Posted on May 20, 2013 by Stuart Simington
NSW Government acts to overturn Shoalhaven City Council CCTV decision
On 17 May 2013, the NSW Government gazetted a new Regulation to overcome the most troublesome aspects of the recent CCTV decision of the Administrative Decisions Tribunal in SF v Shoalhaven City Council  NSWADT 94.
Judicial Member S Montgomery held on 2 May 2013 that Shoalhaven City Council breached several of the Information Protection Principles in the Privacy and Personal Information Protection Act 1998 relating to its use of CCTV cameras in the Nowra Town Centre. The ADT ordered the Council to cease the conduct and provide a written apology to the Applicant for the breaches, and advise him of the steps to be taken by the Council to remove the possibility of similar breaches in the future.
In the Shoalhaven case, the Applicant had contended that it was not lawful for the Council to collect personal information indiscriminately, in circumstances where a very small proportion of the collected information might be of assistance to the Police for law enforcement purposes.
The CCTV cameras recorded images in the Nowra Town Centre. The images were retained on a computer hard drive located at the Nowra Police Station. The cameras and computer equipment were owned and operated by the Council however Police officers at the Nowra Police Station were also able to view a live feed.
The Tribunal held that the personal information comprising the vision of the Applicant was not being collected by the CCTV cameras for ‘exmpted’ law enforcement purposes. Although Police Officers were able to view the live feed and an arrangement was in place between the Police and the Council whereby an authorised Police Officer could apply for access to particular information, there was nevertheless only a small proportion of the information that was used for law enforcement purposes. The Tribunal held that it was not appropriate to characterise the purpose of the collection of the information as ‘law enforcement’.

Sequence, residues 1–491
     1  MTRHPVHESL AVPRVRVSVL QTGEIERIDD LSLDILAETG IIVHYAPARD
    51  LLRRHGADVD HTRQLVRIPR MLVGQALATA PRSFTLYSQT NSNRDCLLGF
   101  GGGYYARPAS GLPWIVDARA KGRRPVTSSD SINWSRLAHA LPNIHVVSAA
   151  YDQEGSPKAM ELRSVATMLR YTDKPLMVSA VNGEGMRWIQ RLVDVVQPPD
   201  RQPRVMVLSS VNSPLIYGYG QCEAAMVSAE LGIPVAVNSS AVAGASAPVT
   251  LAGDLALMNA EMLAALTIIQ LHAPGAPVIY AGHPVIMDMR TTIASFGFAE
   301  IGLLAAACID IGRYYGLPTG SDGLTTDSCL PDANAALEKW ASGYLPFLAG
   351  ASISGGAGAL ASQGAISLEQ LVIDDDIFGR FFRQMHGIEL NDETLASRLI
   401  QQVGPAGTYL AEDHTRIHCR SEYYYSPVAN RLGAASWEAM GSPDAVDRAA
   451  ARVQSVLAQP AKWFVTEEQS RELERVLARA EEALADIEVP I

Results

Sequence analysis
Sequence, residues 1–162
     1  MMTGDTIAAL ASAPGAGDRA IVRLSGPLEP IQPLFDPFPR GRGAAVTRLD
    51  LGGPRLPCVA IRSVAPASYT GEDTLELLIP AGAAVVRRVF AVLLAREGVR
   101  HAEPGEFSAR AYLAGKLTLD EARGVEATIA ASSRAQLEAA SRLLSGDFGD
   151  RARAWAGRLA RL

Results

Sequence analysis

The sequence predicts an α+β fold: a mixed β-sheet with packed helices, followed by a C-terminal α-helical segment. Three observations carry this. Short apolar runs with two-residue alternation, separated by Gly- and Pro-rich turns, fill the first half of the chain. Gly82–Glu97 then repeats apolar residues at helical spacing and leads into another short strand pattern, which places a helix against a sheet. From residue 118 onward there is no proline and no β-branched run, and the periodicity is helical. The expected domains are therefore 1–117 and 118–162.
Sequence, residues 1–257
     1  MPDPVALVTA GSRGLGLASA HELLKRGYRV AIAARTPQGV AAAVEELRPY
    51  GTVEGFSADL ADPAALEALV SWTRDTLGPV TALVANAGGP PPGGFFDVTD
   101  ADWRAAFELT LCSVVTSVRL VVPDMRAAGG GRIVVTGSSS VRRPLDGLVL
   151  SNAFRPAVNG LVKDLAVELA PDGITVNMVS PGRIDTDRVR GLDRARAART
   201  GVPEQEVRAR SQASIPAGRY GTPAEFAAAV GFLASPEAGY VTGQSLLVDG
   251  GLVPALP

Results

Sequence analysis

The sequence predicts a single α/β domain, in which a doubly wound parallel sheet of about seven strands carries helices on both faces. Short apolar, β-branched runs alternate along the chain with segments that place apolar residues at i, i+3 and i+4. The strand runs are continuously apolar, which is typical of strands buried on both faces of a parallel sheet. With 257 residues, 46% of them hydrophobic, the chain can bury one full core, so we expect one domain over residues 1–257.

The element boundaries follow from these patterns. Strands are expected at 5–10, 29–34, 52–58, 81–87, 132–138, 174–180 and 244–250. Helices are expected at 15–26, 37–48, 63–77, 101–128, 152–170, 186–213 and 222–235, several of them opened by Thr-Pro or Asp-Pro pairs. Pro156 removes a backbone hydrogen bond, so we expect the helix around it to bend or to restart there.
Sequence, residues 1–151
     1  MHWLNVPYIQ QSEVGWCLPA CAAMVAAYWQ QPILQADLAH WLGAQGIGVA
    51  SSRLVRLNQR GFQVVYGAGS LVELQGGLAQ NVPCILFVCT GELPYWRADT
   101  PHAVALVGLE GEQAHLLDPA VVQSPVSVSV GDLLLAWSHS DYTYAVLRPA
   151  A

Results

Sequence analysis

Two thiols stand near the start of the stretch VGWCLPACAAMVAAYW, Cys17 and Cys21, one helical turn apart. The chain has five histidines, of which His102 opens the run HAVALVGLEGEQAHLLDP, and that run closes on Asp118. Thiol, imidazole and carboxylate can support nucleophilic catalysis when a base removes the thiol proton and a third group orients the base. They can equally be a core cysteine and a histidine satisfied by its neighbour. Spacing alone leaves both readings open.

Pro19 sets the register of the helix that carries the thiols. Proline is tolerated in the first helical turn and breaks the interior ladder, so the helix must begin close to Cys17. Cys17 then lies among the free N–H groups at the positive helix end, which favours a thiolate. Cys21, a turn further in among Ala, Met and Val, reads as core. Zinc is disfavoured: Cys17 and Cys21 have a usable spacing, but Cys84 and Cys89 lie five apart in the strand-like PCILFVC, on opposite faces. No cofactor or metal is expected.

Further, the Tribunal held that it was even doubtful that the Applicant’s personal information was being collected for ‘crime prevention’ purposes given that the Applicant was a private citizen going about his private business in a lawful manner.
The new Regulation makes it clear that local councils are exempt from certain provisions of the PPIP Act relating to the use of CCTV cameras, specifically as follows:
- A local council is exempt from section 11 of the Act with respect to the collection of personal information by using a CCTV camera that the council has installed for the purpose of filming a public place if the camera is positioned so no other land is filmed (unless it is not reasonably practicable to avoid filming the other land when filming the public place).
- The local council is also exempt from section 18 of the Act with respect to the disclosure to the NSW Police Force of personal information by way of live transmission from such a CCTV camera.
It is important to note that the Regulation does not overcome all of the obligations of the Council said to have been breached in the Shoalhaven case, in particular:
- under section 10 of the PPIP Act, to provide certain information to persons about the collection and purpose for collection of the personal information;
- under section 12, to ensure that the information is protected by taking reasonable security safeguards against loss, unauthorised access and misuse.
In relation to section 10, the Tribunal accepted in the Shoalhaven case that the signage provided by Council was sufficient to inform a majority of individuals that CCTV cameras were in operation and, by implication, that personal information was being collected.
However, it was not sufficient to inform individuals of the purposes for which the information was being collected. Presumably, for example, it would be necessary for the signage to clearly identify that the live footage is to be disclosed to the NSW Police Force.
In relation to section 12, the Tribunal held that the Council’s procedures were insufficient for security because the computer system utilised a generic password rather than an individual user name and password for each authorised user which meant that there was no way of checking who was and wasn’t using the live monitor at the Nowra Police Station and the Council had not monitored whether persons who had access had appropriate training. At a minimum, the Tribunal held that compliance would require appropriate training and monitoring of the use of individual user names and passwords to provide an audit trail of users of the system.